I noticed the flare on the screen, so I made a second picture where I used my hand as a shade to stop sunlight from falling on the lens.
As you can see, the results are dramatic. The shaded photo shows a significant increase in contrast and saturation, both in the red leaves and the background, and shows the scene the way I intended.
Using a lens shade on your camera will help avoid flare, but the best way to avoid it is to know what it looks like through your viewfinder so that you can fix it anytime it appears. It’s just one of the many things to be aware of every time you are making a photograph.
Most of my adult life has been spent around photographers. They are my friends, my associates and my customers. Whenever photographers gather together, it’s inevitable that the subject of how to make a living at it comes up. I think many of us have had (and continue to have!) the dream that, if we could just find the right way to make a living in photography, we could quit our day job and just make photographs full time. I mean, who doesn’t want to photograph all of the time? I know I do. Making photographs in the field, and making fine prints of those photographs gives me an immense joy like few other pursuits can. The idea of being able to do it full time is a powerful attraction.
In the course of my career as a Fine Art Printmaker, I’ve gained an inside look at the business of hundreds of “successful” full time photographers. As a result of that I can tell you absolutely nothing about how to make a living at photography. I can tell you what they do: teach workshops; sell prints; shoot assignments; etc. Unfortunately, I can’t give you any formula that puts it all together into a guaranteed career like I could for a pharmacist, or a nurse, or an engineer.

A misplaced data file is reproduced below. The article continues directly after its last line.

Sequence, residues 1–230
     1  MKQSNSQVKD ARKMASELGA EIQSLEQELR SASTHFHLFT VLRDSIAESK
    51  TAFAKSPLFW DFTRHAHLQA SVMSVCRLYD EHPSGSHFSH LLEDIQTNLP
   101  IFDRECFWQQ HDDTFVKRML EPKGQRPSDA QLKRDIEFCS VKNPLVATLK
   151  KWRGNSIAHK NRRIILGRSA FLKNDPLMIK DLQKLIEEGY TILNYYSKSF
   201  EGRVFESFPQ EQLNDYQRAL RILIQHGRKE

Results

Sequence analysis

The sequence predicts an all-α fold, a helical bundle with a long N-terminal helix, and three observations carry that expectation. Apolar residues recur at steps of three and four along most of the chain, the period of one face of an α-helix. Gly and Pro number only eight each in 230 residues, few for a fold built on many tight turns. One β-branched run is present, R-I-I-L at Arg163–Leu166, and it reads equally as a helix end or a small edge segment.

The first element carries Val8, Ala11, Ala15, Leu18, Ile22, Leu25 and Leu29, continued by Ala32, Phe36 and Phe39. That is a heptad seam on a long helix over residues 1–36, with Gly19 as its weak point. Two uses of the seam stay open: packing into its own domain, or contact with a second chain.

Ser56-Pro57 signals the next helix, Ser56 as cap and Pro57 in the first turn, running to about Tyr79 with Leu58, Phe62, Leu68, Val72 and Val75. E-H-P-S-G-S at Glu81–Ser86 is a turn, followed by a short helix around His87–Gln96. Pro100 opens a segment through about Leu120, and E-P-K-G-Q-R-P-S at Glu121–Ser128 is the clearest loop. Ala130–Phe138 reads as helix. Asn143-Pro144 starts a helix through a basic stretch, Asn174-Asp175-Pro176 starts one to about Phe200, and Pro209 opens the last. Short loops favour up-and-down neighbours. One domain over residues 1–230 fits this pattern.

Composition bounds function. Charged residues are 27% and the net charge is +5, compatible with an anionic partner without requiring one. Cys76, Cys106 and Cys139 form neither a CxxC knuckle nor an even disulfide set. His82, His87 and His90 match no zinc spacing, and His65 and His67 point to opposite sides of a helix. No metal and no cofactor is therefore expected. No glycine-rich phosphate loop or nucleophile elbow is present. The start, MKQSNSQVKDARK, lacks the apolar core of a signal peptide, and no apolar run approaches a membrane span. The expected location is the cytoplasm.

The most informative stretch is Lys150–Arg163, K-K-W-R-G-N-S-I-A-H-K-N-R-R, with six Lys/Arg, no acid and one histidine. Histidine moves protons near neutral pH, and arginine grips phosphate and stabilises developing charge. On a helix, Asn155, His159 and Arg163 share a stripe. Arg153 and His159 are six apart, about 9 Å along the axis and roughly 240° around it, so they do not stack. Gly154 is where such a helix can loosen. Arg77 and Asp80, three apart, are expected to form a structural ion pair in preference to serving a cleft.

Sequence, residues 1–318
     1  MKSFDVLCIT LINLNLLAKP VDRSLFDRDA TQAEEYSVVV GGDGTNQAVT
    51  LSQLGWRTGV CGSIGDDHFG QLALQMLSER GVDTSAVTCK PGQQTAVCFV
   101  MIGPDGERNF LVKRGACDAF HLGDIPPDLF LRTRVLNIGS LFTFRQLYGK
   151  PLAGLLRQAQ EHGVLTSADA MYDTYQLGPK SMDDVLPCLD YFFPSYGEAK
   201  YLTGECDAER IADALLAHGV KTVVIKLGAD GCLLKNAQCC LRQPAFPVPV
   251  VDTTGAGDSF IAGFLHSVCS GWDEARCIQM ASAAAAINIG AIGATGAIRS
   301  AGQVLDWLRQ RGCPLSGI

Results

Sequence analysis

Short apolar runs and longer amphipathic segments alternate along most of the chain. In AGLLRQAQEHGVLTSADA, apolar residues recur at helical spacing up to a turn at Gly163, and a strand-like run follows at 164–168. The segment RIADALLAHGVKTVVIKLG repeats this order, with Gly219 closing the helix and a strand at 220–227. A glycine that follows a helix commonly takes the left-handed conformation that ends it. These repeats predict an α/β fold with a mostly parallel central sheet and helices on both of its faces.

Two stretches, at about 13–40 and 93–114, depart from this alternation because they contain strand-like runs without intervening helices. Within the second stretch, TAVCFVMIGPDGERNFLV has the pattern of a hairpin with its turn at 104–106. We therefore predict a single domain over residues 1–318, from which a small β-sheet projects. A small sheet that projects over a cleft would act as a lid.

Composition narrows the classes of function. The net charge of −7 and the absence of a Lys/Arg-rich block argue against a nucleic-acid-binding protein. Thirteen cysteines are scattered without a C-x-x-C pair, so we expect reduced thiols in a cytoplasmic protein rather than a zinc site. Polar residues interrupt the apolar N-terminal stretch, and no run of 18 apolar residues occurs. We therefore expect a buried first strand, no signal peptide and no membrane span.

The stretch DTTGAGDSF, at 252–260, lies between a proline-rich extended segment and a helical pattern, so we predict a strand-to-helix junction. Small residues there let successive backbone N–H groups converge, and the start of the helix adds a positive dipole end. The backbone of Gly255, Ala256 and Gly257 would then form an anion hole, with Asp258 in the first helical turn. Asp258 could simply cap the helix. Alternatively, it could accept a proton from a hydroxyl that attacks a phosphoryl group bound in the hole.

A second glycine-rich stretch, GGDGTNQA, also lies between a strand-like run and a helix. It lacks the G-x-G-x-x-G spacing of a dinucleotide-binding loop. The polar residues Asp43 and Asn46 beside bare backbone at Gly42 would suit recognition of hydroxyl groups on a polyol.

The truth is that every successful photographer I know has put together some completely individualized package of their skills, passion, dedication, worth ethic, connections, and circumstances to make it work. I also know a lot of photographers who are incredibly talented image makers who have great skills, yet have struggled to make a living from photography.
I can’t tell you, in fact no one can tell you, how to make a living from photography. But I can give you something better. That better thing is that you don’t need to make a living from photography to have a deeply satisfying lifelong relationship with it. Why do you find photography so interesting in the first place? Seek those things; how it feeds you, grows you, challenges you, motivates you, and enriches you. Enjoy the fact that photography allows you to tell a story that is beyond words, share part of your soul with another, and define grand truths and great tragedies. That is why we photograph.